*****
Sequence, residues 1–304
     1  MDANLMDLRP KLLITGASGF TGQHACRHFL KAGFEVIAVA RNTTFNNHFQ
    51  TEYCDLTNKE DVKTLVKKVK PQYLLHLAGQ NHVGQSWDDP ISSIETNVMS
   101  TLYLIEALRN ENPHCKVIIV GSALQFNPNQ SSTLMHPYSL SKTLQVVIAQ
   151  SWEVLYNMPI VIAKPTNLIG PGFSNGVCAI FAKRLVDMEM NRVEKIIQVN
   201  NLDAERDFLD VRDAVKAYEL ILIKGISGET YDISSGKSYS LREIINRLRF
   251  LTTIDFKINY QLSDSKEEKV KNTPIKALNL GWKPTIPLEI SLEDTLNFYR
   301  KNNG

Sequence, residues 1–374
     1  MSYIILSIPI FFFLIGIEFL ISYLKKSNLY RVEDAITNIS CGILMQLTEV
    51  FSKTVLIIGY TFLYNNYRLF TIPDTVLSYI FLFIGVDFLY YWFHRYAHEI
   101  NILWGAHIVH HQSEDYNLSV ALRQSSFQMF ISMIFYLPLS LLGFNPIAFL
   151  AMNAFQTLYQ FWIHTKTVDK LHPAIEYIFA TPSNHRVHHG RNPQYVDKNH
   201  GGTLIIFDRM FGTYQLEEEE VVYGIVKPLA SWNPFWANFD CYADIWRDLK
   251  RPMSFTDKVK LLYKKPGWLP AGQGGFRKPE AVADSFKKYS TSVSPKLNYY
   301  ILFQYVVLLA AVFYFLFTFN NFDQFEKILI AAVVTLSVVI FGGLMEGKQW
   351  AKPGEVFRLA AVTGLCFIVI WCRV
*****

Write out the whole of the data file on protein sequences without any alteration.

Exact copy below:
Sequence, residues 1–304
     1  MDANLMDLRP KLLITGASGF TGQHACRHFL KAGFEVIAVA RNTTFNNHFQ
    51  TEYCDLTNKE DVKTLVKKVK PQYLLHLAGQ NHVGQSWDDP ISSIETNVMS
   101  TLYLIEALRN ENPHCKVIIV GSALQFNPNQ SSTLMHPYSL SKTLQVVIAQ
   151  SWEVLYNMPI VIAKPTNLIG PGFSNGVCAI FAKRLVDMEM NRVEKIIQVN
   201  NLDAERDFLD VRDAVKAYEL ILIKGISGET YDISSGKSYS LREIINRLRF
   251  LTTIDFKINY QLSDSKEEKV KNTPIKALNL GWKPTIPLEI SLEDTLNFYR
   301  KNNG

Sequence, residues 1–374
     1  MSYIILSIPI FFFLIGIEFL ISYLKKSNLY RVEDAITNIS CGILMQLTEV
    51  FSKTVLIIGY TFLYNNYRLF TIPDTVLSYI FLFIGVDFLY YWFHRYAHEI
   101  NILWGAHIVH HQSEDYNLSV ALRQSSFQMF ISMIFYLPLS LLGFNPIAFL
   151  AMNAFQTLYQ FWIHTKTVDK LHPAIEYIFA TPSNHRVHHG RNPQYVDKNH
   201  GGTLIIFDRM FGTYQLEEEE VVYGIVKPLA SWNPFWANFD CYADIWRDLK
   251  RPMSFTDKVK LLYKKPGWLP AGQGGFRKPE AVADSFKKYS TSVSPKLNYY
   301  ILFQYVVLLA AVFYFLFTFN NFDQFEKILI AAVVTLSVVI FGGLMEGKQW
   351  AKPGEVFRLA AVTGLCFIVI WCRV